For Immediate Release: July 12, 2019
By Warren Duffie Jr., Office of Naval Research
A former department head at the Office of Naval Research (ONR), Dr. Richard Carlin, now serves in a new leadership role at ONR—as its Naval Accelerator.
His job involves fostering smoother collaboration between naval warfare centers, academia and industry—to speed up technology development and delivery to warfighters.
“ONR and other organizations within the Naval Research Enterprise are looking toward the venture capital space to see what works for them, what doesn’t, and how we can implement similar techniques here,” said Carlin, who used to oversee ONR’s Mission Capable, Persistent and Survivable Naval Platforms Department. “Earlier this year, the chief of naval research asked if I would oversee this initiative, and it sounded like an interesting challenge that could make a big difference in how we do business.”
Currently, technology development and acquisition can take years—and, in some cases, once-new technology is outdated by the time it reaches the warfighter. Carlin wants to streamline the innovation pipeline at naval organizations, from contracts to warfare centers.
This includes shortening timelines to get from when a problem is actually understood, to research and delivery of prototypes—by giving the Navy and Marine Corps a common language and approach for solving those problems.
“As the National Defense Strategy states, we are in a new era of challenges, with adversaries making dramatic gains,” said Carlin. “As technology advances faster than ever before, and both state and non-state actors have access to it, the naval research community needs to accelerate accordingly.”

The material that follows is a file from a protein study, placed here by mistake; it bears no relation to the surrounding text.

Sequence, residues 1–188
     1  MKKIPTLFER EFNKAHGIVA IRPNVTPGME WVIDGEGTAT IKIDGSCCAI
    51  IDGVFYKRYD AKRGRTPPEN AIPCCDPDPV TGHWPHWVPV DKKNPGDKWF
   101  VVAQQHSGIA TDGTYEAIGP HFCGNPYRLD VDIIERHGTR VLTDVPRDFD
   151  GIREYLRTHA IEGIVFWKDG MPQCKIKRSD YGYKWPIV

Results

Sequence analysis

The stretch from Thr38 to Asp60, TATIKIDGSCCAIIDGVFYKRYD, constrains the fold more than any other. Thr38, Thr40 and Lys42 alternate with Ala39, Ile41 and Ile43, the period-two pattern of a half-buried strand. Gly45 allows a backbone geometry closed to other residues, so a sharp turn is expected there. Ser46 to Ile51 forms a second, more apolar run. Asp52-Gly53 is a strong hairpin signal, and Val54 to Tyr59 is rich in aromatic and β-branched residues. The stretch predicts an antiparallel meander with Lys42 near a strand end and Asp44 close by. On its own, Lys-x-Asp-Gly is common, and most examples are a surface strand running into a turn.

Ways to accelerate
As ONR’s Naval Accelerator, Carlin shepherds multiple initiatives designed to spur innovation.
1. Working closely with Bob Smith, director of the Navy’s Small Business Innovation Research (SBIR) and Small Business Technology Transfer (STTR) programs, the Accelerated Delivery and Acquisition of Prototype Technologies (ADAPT) pilot program engages non-traditional, small-business technology providers and educates them on naval priorities. Carlin’s goal is to cultivate partners with existing technology prototypes that have been proven to work and can be adapted to naval needs—in under two years.
“The idea is to speed up the technology-development process by treating these small companies like Silicon Valley start-ups,” said Carlin. “That involves putting some deadline pressure on them and seeing how they respond.
“We want to see what commercial technology already exists that can be adapted for naval purposes,” he continued. “The key is starting with a prototype with established proof of feasibility that has been shown to work, not just a theoretical concept.”
Once selected by ADAPT, a company will receive three rounds of funding over 18 months to shore up its technology for naval needs. Each funding round is contingent on the company satisfying pre-determined criteria. The prototype must be ready for final testing by the end of the 18 months.
2. Carlin is working to create Tech Bridges in multiple locations throughout the United States. These would serve as regional innovation hubs where warfare centers, colleges and universities, research institutions and industry team up for technology research, evaluation and commercialization, as well as education and workforce development.
So far this year, Carlin has established the 401 Tech Bridge in Rhode Island, which launched with a challenge competition to fund companies to develop maritime-composite technologies. The Naval Undersea Warfare Center Newport has been an active partner and leader in this effort.